The system described above will n'ot produce a trip signal if an input pulse is missing and in order that it should be fail-safe it must be able to detect missing pulses. For this purpose an Vadditional circuit is employed as shown in FIGURE 2 of the accompanying drawing and wherein FIGURE 4 illustrates the waveforms occurring therin. The outputs from binary A are fed to monostables A and B and the outputs from the monostables gated together is a missed pulse gate. The monostables are set so that they remain unstable approximately for the duration of 11/2 times the input pulse interval at normal running speed. Thus, if all input pulses are present, an output from at least one of the monostables will always be arriving at the missed pulse gate since they are activated by alternate pulses. When a pulse is missing, however, one of the monostables will not be actuated and after approximately half the input pulse period the other monostable will return to its passive state. The absence of a signal at the gate causes a missed pulse alarm to be produced.
This method of overspeed detection is also advantageous in its speed of reaction to overspeed conditions. One particular application of this method is for detecting overspeed of turbine shafts which drive compressors for chemical plants. The break-down of a compressor can cause the plant to be unproductive for a considerable period and it is therefore desirable that overspeed be detected in the shortest possible time in order to reduce the amount of damage which may occur in the turbine and compressor systems. When used in conjunction with the sensing device described in our co-pending application No. 31,782/65 a particularly advantageous overspeed detection system is afforded.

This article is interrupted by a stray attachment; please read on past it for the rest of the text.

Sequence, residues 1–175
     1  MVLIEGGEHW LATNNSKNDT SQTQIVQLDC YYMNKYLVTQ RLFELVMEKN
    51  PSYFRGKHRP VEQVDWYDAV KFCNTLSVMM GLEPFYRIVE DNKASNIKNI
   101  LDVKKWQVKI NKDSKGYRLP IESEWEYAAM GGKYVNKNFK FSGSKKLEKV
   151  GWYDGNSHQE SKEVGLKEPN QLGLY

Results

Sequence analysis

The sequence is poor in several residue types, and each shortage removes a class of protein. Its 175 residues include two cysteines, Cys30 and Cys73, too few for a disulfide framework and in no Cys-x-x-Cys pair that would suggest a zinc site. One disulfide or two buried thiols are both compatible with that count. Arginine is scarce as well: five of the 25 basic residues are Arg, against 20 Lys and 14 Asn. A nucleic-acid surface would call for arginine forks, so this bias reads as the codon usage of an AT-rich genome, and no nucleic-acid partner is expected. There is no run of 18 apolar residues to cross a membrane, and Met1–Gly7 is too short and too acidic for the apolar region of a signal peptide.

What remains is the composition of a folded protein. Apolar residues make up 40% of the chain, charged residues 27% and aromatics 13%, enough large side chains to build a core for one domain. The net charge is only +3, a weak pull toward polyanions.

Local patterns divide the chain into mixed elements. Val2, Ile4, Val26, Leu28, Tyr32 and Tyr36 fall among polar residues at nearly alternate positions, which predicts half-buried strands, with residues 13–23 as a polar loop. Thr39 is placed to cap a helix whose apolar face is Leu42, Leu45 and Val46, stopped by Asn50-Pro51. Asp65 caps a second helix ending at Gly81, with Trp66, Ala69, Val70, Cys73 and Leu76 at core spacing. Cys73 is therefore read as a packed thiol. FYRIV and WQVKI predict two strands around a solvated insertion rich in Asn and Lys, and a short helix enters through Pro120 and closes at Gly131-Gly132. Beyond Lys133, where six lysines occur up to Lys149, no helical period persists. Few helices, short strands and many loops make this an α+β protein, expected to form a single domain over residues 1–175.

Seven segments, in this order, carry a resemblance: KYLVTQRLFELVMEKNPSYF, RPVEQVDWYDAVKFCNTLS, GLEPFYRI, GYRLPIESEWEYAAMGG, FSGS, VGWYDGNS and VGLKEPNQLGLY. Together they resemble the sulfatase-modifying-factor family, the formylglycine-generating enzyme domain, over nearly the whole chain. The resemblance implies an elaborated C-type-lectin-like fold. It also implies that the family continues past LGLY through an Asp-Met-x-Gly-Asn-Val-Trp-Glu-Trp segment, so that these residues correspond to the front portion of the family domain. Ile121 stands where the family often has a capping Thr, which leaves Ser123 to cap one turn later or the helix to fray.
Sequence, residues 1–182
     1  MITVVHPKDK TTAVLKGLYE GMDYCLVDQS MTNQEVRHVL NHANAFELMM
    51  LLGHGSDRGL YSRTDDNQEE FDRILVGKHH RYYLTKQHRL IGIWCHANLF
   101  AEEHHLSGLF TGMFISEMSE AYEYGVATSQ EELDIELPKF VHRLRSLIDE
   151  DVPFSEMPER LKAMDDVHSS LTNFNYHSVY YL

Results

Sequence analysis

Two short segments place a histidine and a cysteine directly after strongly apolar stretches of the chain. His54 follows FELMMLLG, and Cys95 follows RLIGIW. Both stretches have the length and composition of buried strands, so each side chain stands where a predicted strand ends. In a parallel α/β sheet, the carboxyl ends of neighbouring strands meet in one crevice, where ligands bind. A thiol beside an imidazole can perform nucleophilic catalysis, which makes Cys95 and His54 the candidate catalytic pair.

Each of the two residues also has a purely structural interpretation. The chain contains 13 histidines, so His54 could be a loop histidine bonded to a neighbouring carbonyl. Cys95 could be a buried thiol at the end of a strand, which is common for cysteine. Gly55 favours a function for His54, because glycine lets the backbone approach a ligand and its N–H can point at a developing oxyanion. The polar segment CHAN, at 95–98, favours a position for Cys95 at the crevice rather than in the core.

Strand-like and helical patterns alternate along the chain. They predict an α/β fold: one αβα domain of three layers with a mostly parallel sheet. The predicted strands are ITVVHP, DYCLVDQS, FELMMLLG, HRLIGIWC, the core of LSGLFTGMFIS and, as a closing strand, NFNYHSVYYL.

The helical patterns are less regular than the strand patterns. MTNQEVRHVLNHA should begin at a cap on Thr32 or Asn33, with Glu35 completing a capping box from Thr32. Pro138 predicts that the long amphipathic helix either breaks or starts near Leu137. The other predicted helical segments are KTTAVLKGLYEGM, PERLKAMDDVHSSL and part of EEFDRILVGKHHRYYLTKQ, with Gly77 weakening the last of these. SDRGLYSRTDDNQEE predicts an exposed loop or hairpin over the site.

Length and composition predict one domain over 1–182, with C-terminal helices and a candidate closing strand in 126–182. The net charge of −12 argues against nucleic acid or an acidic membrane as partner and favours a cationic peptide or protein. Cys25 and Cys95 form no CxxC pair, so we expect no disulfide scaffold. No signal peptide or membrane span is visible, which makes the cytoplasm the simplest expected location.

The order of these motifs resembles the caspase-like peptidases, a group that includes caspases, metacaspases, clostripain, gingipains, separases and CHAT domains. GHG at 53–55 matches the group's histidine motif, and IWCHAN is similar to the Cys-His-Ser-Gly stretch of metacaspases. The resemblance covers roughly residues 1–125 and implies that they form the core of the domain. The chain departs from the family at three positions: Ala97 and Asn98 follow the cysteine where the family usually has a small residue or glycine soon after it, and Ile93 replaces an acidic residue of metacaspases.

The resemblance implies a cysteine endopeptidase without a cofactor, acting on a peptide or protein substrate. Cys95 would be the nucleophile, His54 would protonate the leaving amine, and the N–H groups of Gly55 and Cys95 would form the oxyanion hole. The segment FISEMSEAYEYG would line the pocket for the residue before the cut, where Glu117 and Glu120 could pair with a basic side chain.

1. A method of detecting the speed of a body moving with a recurring motion which comprises disposing a pulse-generating sensing means relative to the path of said body such that it can sense a particular sensible portion or series of sensible portions of the body at a particular position in said path, measuring the time interval between successive pulses produced by the sensing means as a result of sensing a sensible portion, comparing automatically the measured time interval with a standard time interval and identifying significant difierences between said measured and standard time intervals.
2. A method according to claim 1 in which the pulses from the sensing means are used to actuate a clock pulse gate which permits clock pulses to be passed to a counting circuit.
3. A method according to claim 2 in which the clock pulses are counted in a multi-stage binary counter.
4. A method according to claim 2 in which the pulses from the sensing means are passed to a first bistable stage and the output from the rst bistable stage is passed to a second bistable stage the output of which is used to actuate the clock pulse gate, whereby the clock pulse gate is actuated by alternate pulses from the sensing means.
5. A method according to claim 4 in which the alternate non-clock pulse gateactuating pulses are utilised to reset the binary counter.
6. A method according to claim 5 in which the alternate pulses which reset the binary counter are also utilised to actuate a display indicating the state of the binary counter.
7. Apparatus for detecting the speed of a body moving with a recurring motion which comprises electrical con nection means for connecting the apparatus to a pulsegenerating sensing means, a clock pulse generator for providing clock pulses at a regular predetermined rate, a clock pulse gate circuit connected to said clock pulse generator, a counting device and resetting means for resetting the counter, the clock pulse gate circuit being connected to the sensing means so that pulses derived from said sensing means serve to open and close said gate whereby clock pulses are counted by the counter when the gate is open and the resetting means being operable by a pulse derived from said sensing means to cause the counter to be reset.